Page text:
Actress and “Defund the police” activist Alyssa Milano called 911 from her California home over the weekend, sparking a massive emergency response — over what turned out to be a teen shooting at squirrels with an air gun.
Seven Ventura County sheriff’s vehicles, a K-9 unit, a police helicopter, and a Los Angeles Fire Department unit descended on the “Charmed” star’s SoCal sprawl Sunday morning, according to the Daily Mail.
“We first noticed the helicopter circling overhead very low and knew something was going on, it’s usually such a quiet community,” one neighbor of Milano’s told the outlet. “Then we saw all the police cars parked in front of Alyssa’s home. They had their guns at the ready and seemed very serious.”
Milano, 47, and her talent-agent husband, Dave Bugliari, dialed 911 after hearing what they believed to be gunshots on their property, according to the neighbor, who was not identified by name in the report.
The couple reportedly told cops that the sound “scared their dogs,” and that responding officers should look for a man in his 40s with a long rifle.
After a roughly three-hour search, cops concluded the culprit was actually a teenager shooting an air gun at squirrels, the report said.
It wasn’t immediately clear if anyone was charged with wrongdoing.
Over the summer, Milano was one of several celebrities and politicians to voice support for the “Defund the police” movement, which gained momentum following the Memorial Day death of George Floyd in Minneapolis police custody.
A spokeswoman for Milano disputed that version of events in releasing a statement from the actress.
“On Sunday morning as we were all getting ready to watch the Giants game, our neighbor spotted ‘a man dressed in all black, walking in the woods between our properties with a gun,’” Milano recalled. “ As that is a rare sight in our parts, the neighbor was understandably alarmed and she called the police.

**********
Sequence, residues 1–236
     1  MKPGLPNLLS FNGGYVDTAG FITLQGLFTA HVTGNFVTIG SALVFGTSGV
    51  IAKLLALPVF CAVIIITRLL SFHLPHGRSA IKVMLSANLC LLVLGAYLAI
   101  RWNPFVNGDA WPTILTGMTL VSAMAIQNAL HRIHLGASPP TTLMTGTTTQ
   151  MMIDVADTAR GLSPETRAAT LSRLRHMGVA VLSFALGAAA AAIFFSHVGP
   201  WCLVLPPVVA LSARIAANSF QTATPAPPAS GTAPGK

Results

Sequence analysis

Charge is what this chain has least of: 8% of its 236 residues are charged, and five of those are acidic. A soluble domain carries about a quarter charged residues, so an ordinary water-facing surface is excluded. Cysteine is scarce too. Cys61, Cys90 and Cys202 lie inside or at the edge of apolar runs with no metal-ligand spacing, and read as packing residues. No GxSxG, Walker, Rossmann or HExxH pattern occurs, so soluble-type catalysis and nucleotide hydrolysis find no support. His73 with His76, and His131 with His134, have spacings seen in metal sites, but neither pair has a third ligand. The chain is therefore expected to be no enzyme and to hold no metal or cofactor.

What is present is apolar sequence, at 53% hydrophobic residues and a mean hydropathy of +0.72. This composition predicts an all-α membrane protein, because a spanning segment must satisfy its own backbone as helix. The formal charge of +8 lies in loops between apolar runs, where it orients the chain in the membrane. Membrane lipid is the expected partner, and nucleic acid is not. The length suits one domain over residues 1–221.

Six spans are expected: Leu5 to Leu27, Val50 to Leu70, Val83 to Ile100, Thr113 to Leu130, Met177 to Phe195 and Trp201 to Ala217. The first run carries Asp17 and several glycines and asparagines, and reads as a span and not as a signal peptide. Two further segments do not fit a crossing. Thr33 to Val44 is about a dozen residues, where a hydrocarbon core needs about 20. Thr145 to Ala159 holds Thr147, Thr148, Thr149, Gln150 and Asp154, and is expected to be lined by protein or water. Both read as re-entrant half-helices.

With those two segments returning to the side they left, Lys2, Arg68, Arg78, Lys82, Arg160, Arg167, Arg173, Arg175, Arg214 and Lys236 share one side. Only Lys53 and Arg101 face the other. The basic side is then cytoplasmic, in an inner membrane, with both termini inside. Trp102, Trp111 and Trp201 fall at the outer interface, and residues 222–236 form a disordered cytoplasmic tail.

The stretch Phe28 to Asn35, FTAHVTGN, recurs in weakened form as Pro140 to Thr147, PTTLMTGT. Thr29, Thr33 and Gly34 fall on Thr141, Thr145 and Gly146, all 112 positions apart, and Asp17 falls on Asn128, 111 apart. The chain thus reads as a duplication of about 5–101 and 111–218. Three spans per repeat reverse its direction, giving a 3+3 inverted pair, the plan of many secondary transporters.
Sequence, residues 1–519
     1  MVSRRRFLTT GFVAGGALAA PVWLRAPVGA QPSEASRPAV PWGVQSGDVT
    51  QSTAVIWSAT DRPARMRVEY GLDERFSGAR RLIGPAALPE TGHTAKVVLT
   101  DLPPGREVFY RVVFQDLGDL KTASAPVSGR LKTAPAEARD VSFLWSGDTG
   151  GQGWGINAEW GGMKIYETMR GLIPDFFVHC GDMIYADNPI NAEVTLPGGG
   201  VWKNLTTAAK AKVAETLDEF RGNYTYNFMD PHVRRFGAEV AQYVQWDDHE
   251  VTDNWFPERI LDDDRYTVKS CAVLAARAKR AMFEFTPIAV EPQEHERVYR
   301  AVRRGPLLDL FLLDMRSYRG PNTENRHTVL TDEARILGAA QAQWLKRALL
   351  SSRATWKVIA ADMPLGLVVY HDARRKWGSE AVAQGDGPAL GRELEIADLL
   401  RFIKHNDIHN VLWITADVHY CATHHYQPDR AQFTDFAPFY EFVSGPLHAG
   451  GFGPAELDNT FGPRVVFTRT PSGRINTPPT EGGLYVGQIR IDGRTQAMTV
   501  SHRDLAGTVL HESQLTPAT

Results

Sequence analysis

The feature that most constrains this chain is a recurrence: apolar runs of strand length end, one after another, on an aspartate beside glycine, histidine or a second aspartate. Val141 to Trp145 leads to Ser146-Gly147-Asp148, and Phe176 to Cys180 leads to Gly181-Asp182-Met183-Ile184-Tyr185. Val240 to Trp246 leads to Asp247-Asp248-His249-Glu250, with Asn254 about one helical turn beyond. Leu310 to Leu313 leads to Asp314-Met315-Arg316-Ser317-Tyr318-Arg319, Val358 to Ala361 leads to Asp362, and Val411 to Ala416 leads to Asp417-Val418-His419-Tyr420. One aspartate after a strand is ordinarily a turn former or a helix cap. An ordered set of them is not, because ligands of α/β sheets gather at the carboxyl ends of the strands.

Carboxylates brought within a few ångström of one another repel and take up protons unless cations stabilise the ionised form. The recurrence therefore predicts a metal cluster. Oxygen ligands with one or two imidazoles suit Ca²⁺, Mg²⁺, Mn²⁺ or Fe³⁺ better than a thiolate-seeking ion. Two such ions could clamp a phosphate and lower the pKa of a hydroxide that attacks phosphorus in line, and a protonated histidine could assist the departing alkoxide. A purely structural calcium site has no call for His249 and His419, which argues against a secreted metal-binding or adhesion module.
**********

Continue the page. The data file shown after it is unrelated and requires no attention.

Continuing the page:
“We then received a call alerting us to the potential situation and that officers had been dispatched. My husband subsequently called 911 to check on when police would be arriving. While he was on the line, they arrived.”
Milano went on to praise the cops’ response, and clarify her position on policing.
“The responding officers were amazing and made my family and I feel safe and secure as we ‘sheltered in place’ until we knew exactly what was happening,” she said. “These are exactly the type of situations that police officers are trained for and should be responding to, and we will always support police having the resources they need for appropriate policing actions.
“We’d love to see equally trained non-police professionals respond to addiction and mental health crises and non-violent events so that these brave officers can do the jobs they are so good at handling, as they demonstrated this weekend.”